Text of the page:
Although definitions vary slightly, the term “talisman,” from telesma (Greek) and tilsam (Arabic), is often defined as a physical object imbued with powers to repel negative forces or attract positive energy. There is evidence from as far back as 25,000 BC that prehistoric peoples readily used these symbols of protection, and they were very common in ancient Egypt—especially in the form of scarab beetle amulets worn by the living and dead alike.
Across time, cultures, and religions, people have utilized versions of talismans as a physical representation of strongly held hopes, beliefs, or prayers. It wasn’t until I stumbled upon the term in my death studies that I realized I had been unknowingly embracing this practice too.
Almost twenty years ago, I faced my first major loss. My dear Aunt Nancy and I had always been close. She was my neighbor growing up and she loved me fiercely. Watching pancreatic cancer steal her away was devastating. Before what would turn out to be our last visit, I felt the need to bring something. I wasn’t quite sure why or what it needed to be, but it felt essential. So, I tuned in and scanned my belongings.
It didn’t take long to find it. The small, super soft stuffed bear she had mailed to me as an “I’m thinking of you” present was perfect. Next, I felt another equally compelling urge to write a final note to my aunt, so I could express the love and appreciation I didn’t want to go unsaid. I rolled up the piece of paper and tucked it behind the bear’s clasped hands.
When I arrived at the hospital, my aunt was in and out of awareness. She was able to converse on occasion, but mostly, she slept. Later that night, I asked my uncle and cousins if they’d allow me a few moments alone with Aunt Nancy. They obliged.
What a gift that turned out to be. I was able to curl up close, read my note aloud, and then tuck the bear in my aunt’s arms for the remaining hours of her life, knowing I was leaving behind a physical manifestation of my caring presence. My cousin returned the bear to me a few days later and it sits on my memento mori bookshelf today.
The next time I created a talisman of sorts was when my father-in-law was dying. When we learned time was short, I again experienced a pressing needing to have something on hand for the impending transition. I found a blank wooden ornament in our craft bin. On it, I affixed photos of my kids, inspiring words, and the Confucious quote: Wherever you go, go with all your heart. It was close by as he navigated his end of days. And now it, too, resides on my bookshelf.
After my paternal grandfather had a major heart attack, I immediately began preparing for what would be our last goodbye. Before leaving, I grabbed my amethyst angel figurine (a gift from a special aunt-in-law) not knowing if it was for my safe travels, his impending departure, or perhaps both. Smooth and cool to the touch, it fit perfectly in a closed hand. I drove with it in mine, filling it up with loving wishes, and left it on my grandfather’s chest for his final few hours.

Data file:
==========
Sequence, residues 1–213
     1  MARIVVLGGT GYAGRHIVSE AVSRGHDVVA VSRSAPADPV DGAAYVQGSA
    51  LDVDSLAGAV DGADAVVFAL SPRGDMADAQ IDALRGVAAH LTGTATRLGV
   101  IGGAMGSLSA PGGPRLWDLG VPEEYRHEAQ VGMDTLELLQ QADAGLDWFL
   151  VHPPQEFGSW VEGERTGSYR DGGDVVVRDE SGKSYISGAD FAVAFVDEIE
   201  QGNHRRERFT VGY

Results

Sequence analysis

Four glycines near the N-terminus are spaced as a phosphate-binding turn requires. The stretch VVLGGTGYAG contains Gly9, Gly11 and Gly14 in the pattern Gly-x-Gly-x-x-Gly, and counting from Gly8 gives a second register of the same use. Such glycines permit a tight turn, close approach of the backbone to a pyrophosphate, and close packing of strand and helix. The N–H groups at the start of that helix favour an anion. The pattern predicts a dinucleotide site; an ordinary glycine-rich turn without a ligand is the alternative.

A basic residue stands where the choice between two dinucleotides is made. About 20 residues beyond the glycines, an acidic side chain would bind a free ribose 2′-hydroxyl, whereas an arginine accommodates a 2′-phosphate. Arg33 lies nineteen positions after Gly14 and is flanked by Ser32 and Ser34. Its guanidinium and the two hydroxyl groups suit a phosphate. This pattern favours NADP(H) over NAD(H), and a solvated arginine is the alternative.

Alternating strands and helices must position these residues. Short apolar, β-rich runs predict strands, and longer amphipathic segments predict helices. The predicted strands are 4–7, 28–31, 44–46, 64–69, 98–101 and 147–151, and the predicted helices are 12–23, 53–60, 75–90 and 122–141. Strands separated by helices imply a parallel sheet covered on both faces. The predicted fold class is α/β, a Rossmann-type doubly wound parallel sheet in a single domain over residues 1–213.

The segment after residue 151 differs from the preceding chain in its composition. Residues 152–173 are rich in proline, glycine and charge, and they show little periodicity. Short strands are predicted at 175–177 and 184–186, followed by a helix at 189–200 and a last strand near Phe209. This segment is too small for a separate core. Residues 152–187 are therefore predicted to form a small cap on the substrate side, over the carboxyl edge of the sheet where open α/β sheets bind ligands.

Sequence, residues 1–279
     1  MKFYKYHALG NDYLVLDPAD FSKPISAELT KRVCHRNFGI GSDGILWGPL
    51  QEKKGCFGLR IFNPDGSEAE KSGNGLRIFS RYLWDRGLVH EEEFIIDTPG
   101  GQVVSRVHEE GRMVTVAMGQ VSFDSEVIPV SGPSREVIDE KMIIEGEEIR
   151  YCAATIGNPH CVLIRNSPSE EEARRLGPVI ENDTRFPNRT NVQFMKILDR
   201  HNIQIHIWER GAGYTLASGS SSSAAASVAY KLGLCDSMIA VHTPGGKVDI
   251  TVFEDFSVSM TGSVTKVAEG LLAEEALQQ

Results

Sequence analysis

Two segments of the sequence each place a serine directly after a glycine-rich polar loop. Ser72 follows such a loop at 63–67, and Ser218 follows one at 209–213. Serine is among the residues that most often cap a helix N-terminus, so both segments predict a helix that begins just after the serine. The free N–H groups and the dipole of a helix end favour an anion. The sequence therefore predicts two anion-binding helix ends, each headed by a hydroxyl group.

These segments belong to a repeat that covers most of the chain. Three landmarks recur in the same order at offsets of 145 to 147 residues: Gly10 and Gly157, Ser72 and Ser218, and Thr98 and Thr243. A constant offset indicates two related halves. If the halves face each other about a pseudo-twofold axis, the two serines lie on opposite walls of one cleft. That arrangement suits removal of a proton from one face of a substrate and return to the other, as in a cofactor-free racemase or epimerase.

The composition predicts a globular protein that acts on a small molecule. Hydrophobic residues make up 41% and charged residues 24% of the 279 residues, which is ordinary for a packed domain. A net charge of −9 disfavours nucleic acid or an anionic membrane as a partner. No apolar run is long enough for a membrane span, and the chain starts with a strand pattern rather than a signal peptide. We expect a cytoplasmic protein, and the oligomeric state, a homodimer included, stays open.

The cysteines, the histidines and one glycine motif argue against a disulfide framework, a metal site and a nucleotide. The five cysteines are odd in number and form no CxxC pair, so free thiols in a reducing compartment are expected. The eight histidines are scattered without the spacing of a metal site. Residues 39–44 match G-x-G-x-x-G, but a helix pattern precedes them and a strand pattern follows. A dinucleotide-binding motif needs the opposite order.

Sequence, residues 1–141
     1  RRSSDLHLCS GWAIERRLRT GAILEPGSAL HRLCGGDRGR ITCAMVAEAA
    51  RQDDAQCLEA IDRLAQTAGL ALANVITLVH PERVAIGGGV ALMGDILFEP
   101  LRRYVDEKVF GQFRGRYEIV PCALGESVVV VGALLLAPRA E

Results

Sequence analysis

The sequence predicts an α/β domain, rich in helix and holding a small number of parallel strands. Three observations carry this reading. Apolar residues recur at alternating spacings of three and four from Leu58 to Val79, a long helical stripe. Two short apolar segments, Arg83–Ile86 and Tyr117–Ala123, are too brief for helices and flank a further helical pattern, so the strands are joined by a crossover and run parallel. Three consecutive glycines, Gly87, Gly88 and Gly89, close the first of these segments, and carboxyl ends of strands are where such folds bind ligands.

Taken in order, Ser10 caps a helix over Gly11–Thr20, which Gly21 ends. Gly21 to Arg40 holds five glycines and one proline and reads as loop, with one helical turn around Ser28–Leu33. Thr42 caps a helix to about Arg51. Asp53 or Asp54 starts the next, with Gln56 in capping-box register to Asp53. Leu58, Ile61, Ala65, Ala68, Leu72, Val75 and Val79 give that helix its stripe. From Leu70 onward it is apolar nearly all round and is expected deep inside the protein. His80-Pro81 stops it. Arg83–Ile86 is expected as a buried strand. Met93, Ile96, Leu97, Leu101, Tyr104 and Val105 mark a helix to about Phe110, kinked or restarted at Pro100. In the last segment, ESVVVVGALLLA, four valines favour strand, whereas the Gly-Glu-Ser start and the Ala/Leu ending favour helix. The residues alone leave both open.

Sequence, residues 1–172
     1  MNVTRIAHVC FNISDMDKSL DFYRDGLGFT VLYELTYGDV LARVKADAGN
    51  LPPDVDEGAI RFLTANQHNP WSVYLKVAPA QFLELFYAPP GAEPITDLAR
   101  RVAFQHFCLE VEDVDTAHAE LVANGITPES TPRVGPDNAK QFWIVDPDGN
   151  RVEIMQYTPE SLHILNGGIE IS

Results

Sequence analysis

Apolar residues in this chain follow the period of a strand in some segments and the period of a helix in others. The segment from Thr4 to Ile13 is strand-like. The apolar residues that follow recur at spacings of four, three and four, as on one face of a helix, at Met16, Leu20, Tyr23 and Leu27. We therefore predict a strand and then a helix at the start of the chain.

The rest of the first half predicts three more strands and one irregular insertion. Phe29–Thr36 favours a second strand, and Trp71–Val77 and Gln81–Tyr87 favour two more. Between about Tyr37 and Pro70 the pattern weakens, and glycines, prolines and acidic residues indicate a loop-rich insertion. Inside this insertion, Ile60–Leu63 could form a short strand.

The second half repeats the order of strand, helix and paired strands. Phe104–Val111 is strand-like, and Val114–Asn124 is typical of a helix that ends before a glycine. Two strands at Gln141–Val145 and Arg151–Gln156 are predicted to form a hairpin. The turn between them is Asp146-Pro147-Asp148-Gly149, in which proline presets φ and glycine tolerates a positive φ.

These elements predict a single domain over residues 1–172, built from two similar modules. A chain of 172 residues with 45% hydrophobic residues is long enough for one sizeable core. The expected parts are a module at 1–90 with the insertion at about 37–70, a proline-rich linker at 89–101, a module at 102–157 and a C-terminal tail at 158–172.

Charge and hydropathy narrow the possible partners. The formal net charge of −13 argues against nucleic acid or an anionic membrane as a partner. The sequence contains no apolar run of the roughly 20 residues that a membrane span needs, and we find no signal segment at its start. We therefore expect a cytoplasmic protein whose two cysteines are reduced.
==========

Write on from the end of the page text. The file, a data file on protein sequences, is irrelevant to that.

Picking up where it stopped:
During the time span between his death and funerary services, my grandmother kept that talisman close, even walking around with it at night, my Uncle Dale told me. I let Gram know she could keep it if she wanted. In the end, she decided to bury my grandfather with it, which gave me a measure of peace because it had brought her comfort during such a difficult time.
Without realizing it, I had been incorporating a variation of an ancient, timeless ritual during major life thresholds. I wondered, did it arise from imprints on my soul or from within in my DNA? Is it “human nature” to want to do something with intense emotion? To want to house it in something? To want to hold it and share it with others?
It turns out, death is not the only suitable realm for a sacred talisman. For example, when my kids were young and I had to travel without them, they would ask me to bring a “stuffy” along for the journey. I would take photos featuring the stuffed toy and share stories about our adventures. It was mostly silly and sweet, but in a way, I’m sure those inanimate objects served as talismans, as they were filled with my kids’ love and concern for my safe return.
My most recent experience with a talisman was just this past week. I learned my Uncle Doug, who has lived with a chronic condition for many decades, was facing serious health issues. The urge to create bubbled up once again. As I thought about what might be meaningful, I recalled a “thank you” gift I had made for this uncle when I was young. Back then, he had a routine of giving me a lift to the bus stop each morning while on his way to work. It was a lovely, quick two-minute connection. To acknowledge it, I had decorated a plain white shirt for him back then with messages of gratitude.
I figured, why not recreate that same gift as a nod to a wonderful memory and as a way to wrap him up in love now. I asked my kids to help, and we worked on it together, infusing well wishes from three hearts and sets of hands instead of just one. My aunt reported the shirt brought a smile and some tears—good medicine in their own right.
What, then, turns a mere thing into something special? Into a talisman? Likely, intent is the main ingredient.
You create your reality with your intentions. -Gary Zuka
Are you interested in this practice? Start by selecting or making an item that resonates with your desired effect—basically, something that feels right to you. Then, “charge” it with focused attention on a particular outcome, whether it’s peace, protection, ease, wellbeing, good fortune, or another earnest hope. Finally, carry or share it, reminding yourself of all it contains.
Have you discovered or developed rituals that support you through times of hardship?